matrix-0.3.4.0: A native implementation of matrix operations.

Data.Matrix

Description

Matrix datatype and operations.

Every provided example has been tested. Run `cabal test` for further tests.

Synopsis

# Matrix type

data Matrix a Source

Type of matrices.

Elements can be of any type. Rows and columns are indexed starting by 1. This means that, if `m :: Matrix a` and `i,j :: Int`, then `m ! (i,j)` is the element in the `i`-th row and `j`-th column of `m`.

Instances

 Functor Matrix Foldable Matrix Traversable Matrix Eq a => Eq (Matrix a) Num a => Num (Matrix a) Show a => Show (Matrix a) NFData a => NFData (Matrix a)

prettyMatrix :: Show a => Matrix a -> StringSource

Display a matrix as a `String` using the `Show` instance of its elements.

nrows :: Matrix a -> IntSource

Number of rows.

ncols :: Matrix a -> IntSource

Number of columns.

O(rows*cols). Similar to `force`. It copies the matrix content dropping any extra memory.

Useful when using `submatrix` from a big matrix.

# Builders

Arguments

 :: Int Rows -> Int Columns -> ((Int, Int) -> a) Generator function -> Matrix a

O(rows*cols). Generate a matrix from a generator function. Example of usage:

```                                  (  1  0 -1 -2 )
(  3  2  1  0 )
(  5  4  3  2 )
matrix 4 4 \$ \(i,j) -> 2*i - j = (  7  6  5  4 )
```

rowVector :: Vector a -> Matrix aSource

O(1). Represent a vector as a one row matrix.

colVector :: Vector a -> Matrix aSource

O(1). Represent a vector as a one column matrix.

## Special matrices

Arguments

 :: Num a => Int Rows -> Int Columns -> Matrix a

O(rows*cols). The zero matrix of the given size.

``` zero n m =
n
1 ( 0 0 ... 0 0 )
2 ( 0 0 ... 0 0 )
(     ...     )
( 0 0 ... 0 0 )
n ( 0 0 ... 0 0 )
```

identity :: Num a => Int -> Matrix aSource

O(rows*cols). Identity matrix of the given order.

``` identity n =
n
1 ( 1 0 ... 0 0 )
2 ( 0 1 ... 0 0 )
(     ...     )
( 0 0 ... 1 0 )
n ( 0 0 ... 0 1 )
```

Arguments

 :: Num a => Int Size of the matrix. -> Int Permuted row 1. -> Int Permuted row 2. -> Matrix a Permutation matrix.

O(rows*cols). Permutation matrix.

``` permMatrix n i j =
i     j       n
1 ( 1 0 ... 0 ... 0 ... 0 0 )
2 ( 0 1 ... 0 ... 0 ... 0 0 )
(     ...   ...   ...     )
i ( 0 0 ... 0 ... 1 ... 0 0 )
(     ...   ...   ...     )
j ( 0 0 ... 1 ... 0 ... 0 0 )
(     ...   ...   ...     )
( 0 0 ... 0 ... 0 ... 1 0 )
n ( 0 0 ... 0 ... 0 ... 0 1 )
```

When `i == j` it reduces to `identity` `n`.

# List conversions

Arguments

 :: Int Rows -> Int Columns -> [a] List of elements -> Matrix a

Create a matrix from a non-empty list given the desired size. The list must have at least rows*cols elements. An example:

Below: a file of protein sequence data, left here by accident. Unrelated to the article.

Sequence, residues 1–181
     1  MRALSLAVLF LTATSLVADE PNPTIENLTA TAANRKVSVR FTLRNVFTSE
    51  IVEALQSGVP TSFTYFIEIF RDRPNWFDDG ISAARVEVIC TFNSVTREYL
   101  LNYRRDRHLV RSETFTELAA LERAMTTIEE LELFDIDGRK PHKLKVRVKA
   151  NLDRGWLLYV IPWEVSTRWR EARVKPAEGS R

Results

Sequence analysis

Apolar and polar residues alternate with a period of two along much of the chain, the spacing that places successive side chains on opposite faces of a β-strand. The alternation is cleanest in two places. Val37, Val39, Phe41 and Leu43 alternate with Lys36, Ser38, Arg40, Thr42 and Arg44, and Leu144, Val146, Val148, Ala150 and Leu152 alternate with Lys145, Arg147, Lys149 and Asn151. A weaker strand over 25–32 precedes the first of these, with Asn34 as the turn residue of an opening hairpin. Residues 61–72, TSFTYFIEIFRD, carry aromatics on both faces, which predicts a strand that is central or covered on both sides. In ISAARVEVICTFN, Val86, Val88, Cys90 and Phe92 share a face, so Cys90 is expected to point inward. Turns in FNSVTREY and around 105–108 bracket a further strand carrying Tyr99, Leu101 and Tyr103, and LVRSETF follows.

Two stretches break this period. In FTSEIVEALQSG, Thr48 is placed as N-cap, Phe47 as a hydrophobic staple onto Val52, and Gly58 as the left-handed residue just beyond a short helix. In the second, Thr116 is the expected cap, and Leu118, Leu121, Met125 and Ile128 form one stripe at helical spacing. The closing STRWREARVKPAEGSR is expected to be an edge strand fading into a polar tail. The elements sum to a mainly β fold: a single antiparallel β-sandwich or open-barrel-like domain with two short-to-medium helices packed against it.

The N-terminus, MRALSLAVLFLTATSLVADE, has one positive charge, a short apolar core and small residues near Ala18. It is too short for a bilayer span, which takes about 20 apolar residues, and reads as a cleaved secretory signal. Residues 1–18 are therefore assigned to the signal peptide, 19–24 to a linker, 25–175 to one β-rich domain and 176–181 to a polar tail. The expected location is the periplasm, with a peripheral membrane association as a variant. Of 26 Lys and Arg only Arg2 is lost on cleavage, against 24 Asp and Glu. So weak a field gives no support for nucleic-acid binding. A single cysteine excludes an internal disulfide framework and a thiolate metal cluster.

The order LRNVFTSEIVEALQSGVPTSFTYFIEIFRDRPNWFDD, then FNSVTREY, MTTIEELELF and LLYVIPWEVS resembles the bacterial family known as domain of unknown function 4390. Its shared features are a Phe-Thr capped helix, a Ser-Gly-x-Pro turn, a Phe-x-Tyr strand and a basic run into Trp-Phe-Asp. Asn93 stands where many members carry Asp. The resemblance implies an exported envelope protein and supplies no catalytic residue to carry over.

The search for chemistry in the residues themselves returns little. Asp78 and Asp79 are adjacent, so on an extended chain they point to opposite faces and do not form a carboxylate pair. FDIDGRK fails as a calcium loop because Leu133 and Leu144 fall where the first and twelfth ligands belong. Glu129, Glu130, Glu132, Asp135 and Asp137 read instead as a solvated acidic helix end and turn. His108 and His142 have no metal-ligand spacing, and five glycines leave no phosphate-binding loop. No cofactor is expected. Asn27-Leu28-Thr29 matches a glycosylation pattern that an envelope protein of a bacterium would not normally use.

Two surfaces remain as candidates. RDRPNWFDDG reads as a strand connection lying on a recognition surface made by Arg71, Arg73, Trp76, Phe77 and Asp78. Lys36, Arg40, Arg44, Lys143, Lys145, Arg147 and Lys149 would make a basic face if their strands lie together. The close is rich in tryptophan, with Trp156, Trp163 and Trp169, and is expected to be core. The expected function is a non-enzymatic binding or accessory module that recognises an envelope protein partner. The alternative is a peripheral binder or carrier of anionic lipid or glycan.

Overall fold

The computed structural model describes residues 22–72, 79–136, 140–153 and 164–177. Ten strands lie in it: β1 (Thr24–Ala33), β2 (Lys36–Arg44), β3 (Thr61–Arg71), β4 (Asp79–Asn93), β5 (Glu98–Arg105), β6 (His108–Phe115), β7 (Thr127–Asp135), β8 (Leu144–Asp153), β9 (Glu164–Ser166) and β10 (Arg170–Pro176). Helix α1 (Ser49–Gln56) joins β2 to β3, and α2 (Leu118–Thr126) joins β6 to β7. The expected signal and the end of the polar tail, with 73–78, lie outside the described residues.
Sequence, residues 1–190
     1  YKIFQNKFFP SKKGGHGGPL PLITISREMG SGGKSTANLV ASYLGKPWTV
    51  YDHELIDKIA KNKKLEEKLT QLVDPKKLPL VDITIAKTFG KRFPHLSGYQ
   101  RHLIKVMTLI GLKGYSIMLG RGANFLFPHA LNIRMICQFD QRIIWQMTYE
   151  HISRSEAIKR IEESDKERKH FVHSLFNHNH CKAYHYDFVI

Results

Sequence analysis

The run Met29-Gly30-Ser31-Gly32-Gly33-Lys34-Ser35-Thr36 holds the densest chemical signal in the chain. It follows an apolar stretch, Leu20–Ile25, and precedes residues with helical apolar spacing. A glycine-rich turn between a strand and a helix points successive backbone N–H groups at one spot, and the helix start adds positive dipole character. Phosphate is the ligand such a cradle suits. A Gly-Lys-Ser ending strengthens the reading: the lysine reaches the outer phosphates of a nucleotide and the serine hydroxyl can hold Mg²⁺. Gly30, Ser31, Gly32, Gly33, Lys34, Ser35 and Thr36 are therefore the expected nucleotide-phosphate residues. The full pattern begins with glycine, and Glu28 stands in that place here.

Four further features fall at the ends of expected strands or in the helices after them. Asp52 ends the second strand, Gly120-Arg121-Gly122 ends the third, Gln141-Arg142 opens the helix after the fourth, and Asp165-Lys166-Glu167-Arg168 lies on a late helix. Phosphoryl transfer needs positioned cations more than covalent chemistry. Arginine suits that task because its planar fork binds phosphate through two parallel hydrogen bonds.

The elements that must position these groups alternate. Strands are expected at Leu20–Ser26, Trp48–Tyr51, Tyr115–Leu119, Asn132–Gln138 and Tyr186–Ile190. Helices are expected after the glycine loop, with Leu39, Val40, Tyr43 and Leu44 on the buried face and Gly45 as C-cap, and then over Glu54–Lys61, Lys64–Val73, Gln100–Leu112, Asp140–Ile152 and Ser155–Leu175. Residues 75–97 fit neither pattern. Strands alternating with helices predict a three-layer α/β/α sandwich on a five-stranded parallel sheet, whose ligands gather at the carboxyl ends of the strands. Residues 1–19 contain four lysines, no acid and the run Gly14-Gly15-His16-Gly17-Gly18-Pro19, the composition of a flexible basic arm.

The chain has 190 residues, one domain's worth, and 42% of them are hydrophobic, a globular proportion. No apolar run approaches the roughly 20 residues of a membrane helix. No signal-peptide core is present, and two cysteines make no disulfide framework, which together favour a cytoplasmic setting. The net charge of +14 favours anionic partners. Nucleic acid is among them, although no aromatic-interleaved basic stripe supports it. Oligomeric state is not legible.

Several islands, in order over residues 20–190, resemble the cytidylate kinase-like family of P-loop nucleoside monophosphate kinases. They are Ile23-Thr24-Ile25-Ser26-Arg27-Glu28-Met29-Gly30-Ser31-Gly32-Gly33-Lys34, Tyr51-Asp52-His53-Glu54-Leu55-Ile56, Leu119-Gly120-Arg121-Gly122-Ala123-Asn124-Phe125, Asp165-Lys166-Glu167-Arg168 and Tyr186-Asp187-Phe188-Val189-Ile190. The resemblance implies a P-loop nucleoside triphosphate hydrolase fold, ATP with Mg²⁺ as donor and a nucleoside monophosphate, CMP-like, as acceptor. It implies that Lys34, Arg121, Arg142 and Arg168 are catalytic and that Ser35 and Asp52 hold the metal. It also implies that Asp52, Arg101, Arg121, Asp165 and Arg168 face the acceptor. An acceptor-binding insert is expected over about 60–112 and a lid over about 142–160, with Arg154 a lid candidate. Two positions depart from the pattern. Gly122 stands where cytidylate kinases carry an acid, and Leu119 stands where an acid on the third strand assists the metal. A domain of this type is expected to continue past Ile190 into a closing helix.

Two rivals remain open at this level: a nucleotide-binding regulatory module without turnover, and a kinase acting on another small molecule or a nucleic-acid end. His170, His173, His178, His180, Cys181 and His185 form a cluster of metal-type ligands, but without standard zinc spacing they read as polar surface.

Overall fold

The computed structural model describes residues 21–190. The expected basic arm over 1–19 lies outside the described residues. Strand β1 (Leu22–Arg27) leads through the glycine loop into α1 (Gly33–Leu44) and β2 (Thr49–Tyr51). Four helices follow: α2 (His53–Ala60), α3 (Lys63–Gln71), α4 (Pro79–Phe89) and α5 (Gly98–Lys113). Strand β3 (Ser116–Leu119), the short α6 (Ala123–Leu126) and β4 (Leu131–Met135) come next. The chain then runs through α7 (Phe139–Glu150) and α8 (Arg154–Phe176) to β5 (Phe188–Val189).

```                       ( 1 2 3 )
( 4 5 6 )
fromList 3 3 [1..] =  ( 7 8 9 )
```

fromLists :: [[a]] -> Matrix aSource

Create a matrix from a non-empty list of non-empty lists. Each list must have at least as many elements as the first list. Examples:

``` fromLists [ [1,2,3]      ( 1 2 3 )
, [4,5,6]      ( 4 5 6 )
, [7,8,9] ] =  ( 7 8 9 )
```
``` fromLists [ [1,2,3  ]     ( 1 2 3 )
, [4,5,6,7]     ( 4 5 6 )
, [8,9,0  ] ] = ( 8 9 0 )
```

toList :: Matrix a -> [a]Source

Get the elements of a matrix stored in a list.

```        ( 1 2 3 )
( 4 5 6 )
toList ( 7 8 9 ) = [1,2,3,4,5,6,7,8,9]
```

toLists :: Matrix a -> [[a]]Source

Get the elements of a matrix stored in a list of lists, where each list contains the elements of a single row.

```         ( 1 2 3 )   [ [1,2,3]
( 4 5 6 )   , [4,5,6]
toLists ( 7 8 9 ) = , [7,8,9] ]
```

# Accessing

Arguments

 :: Int Row -> Int Column -> Matrix a Matrix -> a

O(1). Get an element of a matrix. Indices range from (1,1) to (n,m). It returns an `error` if the requested element is outside of range.

(!) :: Matrix a -> (Int, Int) -> aSource

Short alias for `getElem`.

Arguments

 :: Int Row -> Int Column -> Matrix a Matrix -> a

O(1). Unsafe variant of `getElem`, without bounds checking.

safeGet :: Int -> Int -> Matrix a -> Maybe aSource

Variant of `getElem` that returns Maybe instead of an error.

getRow :: Int -> Matrix a -> Vector aSource

O(1). Get a row of a matrix as a vector.

getCol :: Int -> Matrix a -> Vector aSource

O(rows). Get a column of a matrix as a vector.

getDiag :: Matrix a -> Vector aSource

O(min rows cols). Diagonal of a not necessarily square matrix.

O(rows*cols). Transform a `Matrix` to a `Vector` of size rows*cols. This is equivalent to get all the rows of the matrix using `getRow` and then append them, but far more efficient.

# Manipulating matrices

Arguments

 :: a New value. -> (Int, Int) Position to replace. -> Matrix a Original matrix. -> Matrix a Matrix with the given position replaced with the given value.

Replace the value of a cell in a matrix.

Arguments

 :: a New value. -> (Int, Int) Position to replace. -> Matrix a Original matrix. -> Matrix a Matrix with the given position replaced with the given value.

Unsafe variant of `setElem`, without bounds checking.

transpose :: Matrix a -> Matrix aSource

O(rows*cols). The transpose of a matrix. Example:

```           ( 1 2 3 )   ( 1 4 7 )
( 4 5 6 )   ( 2 5 8 )
transpose ( 7 8 9 ) = ( 3 6 9 )
```

Arguments

 :: a Default element. -> Int Number of rows. -> Int Number of columns. -> Matrix a -> Matrix a